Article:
Over the years, we’ve gone to great lengths to make fried potato foods healthier. Potato chip makers don’t fry them in animal shortening anymore, for example, and many companies have given up using vegetable shortening (made from partially hydrogenated vegetable oils) because of the trans fatty acids. In high-end food stores, chips and fries prepared with olive oil, canola oil, high omega-3 content, and reduced salt are big sellers. All of these efforts really do make fried potato foods better for the blood vessels in your heart and brain, the health of which is related directly to two of the main causes of death: heart disease and stroke. But none of this protects you from a chemical compound that builds up in potatoes due to heating: acrylamide.
Known for its utility as an industrial chemical building block, acrylamide is not something you want in your diet. Derived from the amino acid asparagine, which occurs naturally in various vegetables, particularly in common types of potatoes, acrylamide is toxic. Its levels start to build up when the asparagine-high foods are heated above 120˚ C. This can happen during baking or broiling, but more easily during frying, and thus studies have found fairly high acrylamide levels in potato chips, French fries, and similar products. While the United States Food and Drug Administration regulates levels of acrylamide allowed in materials that contact food, so far the levels of acrylamide in food itself are not regulated.
Laboratory studies on rodents suggest a possible causative association between acrylamide and cancer. As for how this translates to humans, scientists are particularly concerned about cancer of the oropharynx (mouth and throat), esophagus, colon, kidney, ovary, and breast, and human studies are now in progress. Searching for definitive evidence is fairly complex, due to confounding factors, particularly smoking. Thus, studies so far are fairly inconclusive regarding dietary acrylamide.
The prospect of a probable carcinogen produced by a crop that is so common in foods has prompted a company called Simplot to develop a potato engineered to produce dramatically lower levels of acrylamide than standard potatoes when heated to high temperature. Known as the “Innate Potato”, it was approved earlier this month by the US Department of Agriculture (USDA). Now, it’s being publicized as a “cancer-reducing” GMO potato that also resists bruising. In the wake of the initial excitement, one of Simplot’s largest buyers (McDonalds) sounded interested. More recently, however, the fast food chain decided against buying the new potato.
The prospect of lowering levels of a carcinogen in fried potato foods may eventually lead other big potato users to make the move that McDonalds has rejected. In the meantime, however, groups opposed to genetic engineering of food crops are mobilizing to fight the new Simplot potato. They are saying that calling this new genetically modified crop “anti-cancer” is premature. They’re right in the sense that since we don’t have clear evidence at this point that dietary acrylamide causes any human cancer. Even so, given the choice, latkes, fries, and chip lovers might prefer the much lower acrylamide levels that the genetically modified potatoes offer.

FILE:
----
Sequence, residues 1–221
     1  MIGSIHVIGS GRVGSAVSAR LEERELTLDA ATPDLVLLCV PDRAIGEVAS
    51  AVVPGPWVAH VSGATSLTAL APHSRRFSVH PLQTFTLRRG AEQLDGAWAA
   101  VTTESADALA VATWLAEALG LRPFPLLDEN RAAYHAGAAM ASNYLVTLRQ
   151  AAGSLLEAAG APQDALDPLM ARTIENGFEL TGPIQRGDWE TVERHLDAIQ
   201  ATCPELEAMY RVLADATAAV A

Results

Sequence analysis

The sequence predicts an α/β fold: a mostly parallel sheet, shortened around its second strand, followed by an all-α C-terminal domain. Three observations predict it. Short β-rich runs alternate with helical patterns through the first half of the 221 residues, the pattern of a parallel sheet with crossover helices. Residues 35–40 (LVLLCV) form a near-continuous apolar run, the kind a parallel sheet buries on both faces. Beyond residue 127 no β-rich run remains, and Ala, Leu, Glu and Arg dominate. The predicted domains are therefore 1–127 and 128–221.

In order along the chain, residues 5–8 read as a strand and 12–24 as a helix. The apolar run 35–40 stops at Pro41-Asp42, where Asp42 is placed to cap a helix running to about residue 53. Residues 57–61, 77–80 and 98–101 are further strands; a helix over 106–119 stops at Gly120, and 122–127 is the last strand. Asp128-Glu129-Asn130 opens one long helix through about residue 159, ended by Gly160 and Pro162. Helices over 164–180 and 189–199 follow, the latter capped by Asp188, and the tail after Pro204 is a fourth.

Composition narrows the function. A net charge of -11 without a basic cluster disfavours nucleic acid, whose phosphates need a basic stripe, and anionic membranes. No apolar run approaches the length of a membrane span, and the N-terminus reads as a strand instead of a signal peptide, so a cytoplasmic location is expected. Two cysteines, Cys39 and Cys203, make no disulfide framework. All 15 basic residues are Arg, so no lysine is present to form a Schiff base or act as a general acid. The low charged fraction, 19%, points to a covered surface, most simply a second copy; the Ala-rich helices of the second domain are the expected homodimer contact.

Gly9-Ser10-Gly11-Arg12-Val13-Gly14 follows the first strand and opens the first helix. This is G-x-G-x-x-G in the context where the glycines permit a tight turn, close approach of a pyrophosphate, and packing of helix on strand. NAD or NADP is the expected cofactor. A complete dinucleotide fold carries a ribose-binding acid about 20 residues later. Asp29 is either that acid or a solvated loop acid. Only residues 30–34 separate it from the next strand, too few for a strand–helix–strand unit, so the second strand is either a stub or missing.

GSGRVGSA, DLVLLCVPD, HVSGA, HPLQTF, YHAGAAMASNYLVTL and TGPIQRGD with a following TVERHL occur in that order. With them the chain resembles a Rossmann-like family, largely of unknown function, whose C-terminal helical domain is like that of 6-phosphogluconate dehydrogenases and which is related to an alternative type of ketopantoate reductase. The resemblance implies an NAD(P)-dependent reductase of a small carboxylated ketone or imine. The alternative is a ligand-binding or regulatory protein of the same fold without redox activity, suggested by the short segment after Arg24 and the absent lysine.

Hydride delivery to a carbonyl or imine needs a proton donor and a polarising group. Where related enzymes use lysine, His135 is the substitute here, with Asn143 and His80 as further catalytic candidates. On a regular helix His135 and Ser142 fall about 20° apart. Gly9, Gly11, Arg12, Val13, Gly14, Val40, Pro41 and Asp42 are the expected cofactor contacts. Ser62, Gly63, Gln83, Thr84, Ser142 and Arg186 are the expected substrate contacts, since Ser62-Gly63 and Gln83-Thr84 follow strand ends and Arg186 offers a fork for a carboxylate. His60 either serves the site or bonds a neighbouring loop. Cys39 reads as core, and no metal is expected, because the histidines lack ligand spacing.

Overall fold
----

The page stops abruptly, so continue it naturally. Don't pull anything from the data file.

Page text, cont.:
By selecting the most desirable varieties, and mixing seeds in different ways, humans have been modifying the food supply genetically for something like 12,000 years. The difference with genetic engineering is that technology enables selection, or control, of one specific gene at a time, and plants can be equipped with genes not just from other plants, but from virtually any other type of organism. To engineer the new potato, genetic engineers employed a technique called RNA interference. Rather than inserting genes from other organisms, small molecules called micro-RNAs were used by the potato scientists to modify the synthesis of proteins natural to the potato. This allowed for gene products with less asparagine.
Genetically modified organisms (GMOs) are found most commonly in corn and soy food products. Since corn and soy are used in so many processed foods, GMOs are consumed widely, but publically they are both criticized as promoted as a single category (i.e. GMO food vs. non-GMO food) rather than on a case-by-case basis (as they are evaluated by the USDA). The development of a particular GMO whose main selling point is that (at least hypothetically) it may reduce health issues may ultimately lead to a paradigm change in the public discourse involving GMO issues. While it’s unlikely that you’ll soon be seeing new high tech potato chips proudly displaying low acrylamide/high GMO credentials at your favorite health-food store, it is possible that the discussion from GMO opponents and proponents alike will become more nuanced in the years to come, as the features of particular genes and GMOs are emphasized.
In the meantime, Simplot is emphasizing the other main advantages of the new potato, namely the high resistance to bruising. Additionally, the Innate potato requires reduced amounts of water and pesticides to grow it compared with conventional potatoes, and leads to reduced carbon dioxide emissions. That reduced carbon footprint could be particularly attractive to those concerned not only about the health of individuals, but of our entire planetary environment.
Written by David Warmflash
David is an astrobiologist and science writer. He received his M.D. from Tel Aviv University Sackler School of Medicine, and has done post doctoral work at Brandeis University, the University of Pennsylvania, and the Johnson Space Center, where he was part of the NASA's first cohort of astrobiology training fellows. He has been involved in science outreach for more than a decade and since 2002 has collaborated with The Planetary Society on studying the effects of the space environment on small organisms.